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yea but he doesnt sell them....so I dont think it fits that term that you and so many are quick to use....consider definition of a collector
1 year ago on SELECT Collections: Ken W.
@NikeLovesYouALL @justinamazing1 @sneakernews Justinamazing is desperately trying to stay relevant by posting on my article…..this guy Justinamazing made repeated posts on sneakernews IG hoping to get attention…Old school sneakerheads remember when this dude would show up to an event with size 16 shoes looking like bozo just because the shoes were heat. Anyone that has been collecting for awhile tells me that this dude is biggest reseller and hype beast….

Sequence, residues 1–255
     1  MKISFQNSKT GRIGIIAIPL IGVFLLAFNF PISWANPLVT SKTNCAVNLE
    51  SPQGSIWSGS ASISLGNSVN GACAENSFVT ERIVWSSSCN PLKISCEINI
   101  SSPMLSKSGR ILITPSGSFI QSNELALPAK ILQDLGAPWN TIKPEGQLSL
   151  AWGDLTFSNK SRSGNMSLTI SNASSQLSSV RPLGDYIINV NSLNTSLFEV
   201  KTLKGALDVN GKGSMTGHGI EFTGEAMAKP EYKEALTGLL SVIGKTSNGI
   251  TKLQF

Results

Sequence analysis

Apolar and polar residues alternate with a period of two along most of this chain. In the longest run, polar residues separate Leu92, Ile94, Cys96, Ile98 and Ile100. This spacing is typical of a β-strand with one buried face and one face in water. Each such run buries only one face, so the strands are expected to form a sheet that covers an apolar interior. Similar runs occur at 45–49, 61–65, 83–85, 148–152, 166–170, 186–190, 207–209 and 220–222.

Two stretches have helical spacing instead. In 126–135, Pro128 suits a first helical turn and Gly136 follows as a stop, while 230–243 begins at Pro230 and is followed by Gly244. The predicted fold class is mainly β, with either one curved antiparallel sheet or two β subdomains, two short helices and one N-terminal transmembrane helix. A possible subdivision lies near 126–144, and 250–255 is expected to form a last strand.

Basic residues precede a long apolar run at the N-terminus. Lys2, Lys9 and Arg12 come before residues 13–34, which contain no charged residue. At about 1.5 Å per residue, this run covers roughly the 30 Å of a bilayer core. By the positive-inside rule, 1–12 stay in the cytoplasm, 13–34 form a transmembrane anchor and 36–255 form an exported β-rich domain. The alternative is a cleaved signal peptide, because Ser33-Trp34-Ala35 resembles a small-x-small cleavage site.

So you don't approve of a collection of cars compared to a collection of rare sneakers? Is there any comparison you would agree with? The sports enthusiast who collects the autographed baseball, baseball bat, etc.? the stamp collector who collects stamps? the spoon collector who collects spoons (ohh wait, that's not a good example)? Anyways, baseballs and baseball bats were meant to be used in the game of baseball and stamps were meant to be used to mail a letter. Bottomline, if someone finds a collection that they enjoy, what is it of your concern? Your comments concerning the investment potential seems to contradict your statement that the sneakers will be dust in 5-7 years. I think the person who has an autographed baseball would love it if the baseball was also worth money. Many collections have economic benefits. But the shoes in my collection are there for a reason, because I love them and, in some cases, I have searched for over a year to find the shoe that I love in my size. I have been offered many rare shoes and turned them down even though the offers were for great prices. My turning down a rare shoe for a great price doesn't seem to support your conclusion that I am in this for investment purposes, and not for collecting. It's all good though, many people like yourself jump to conclusions; I try not to.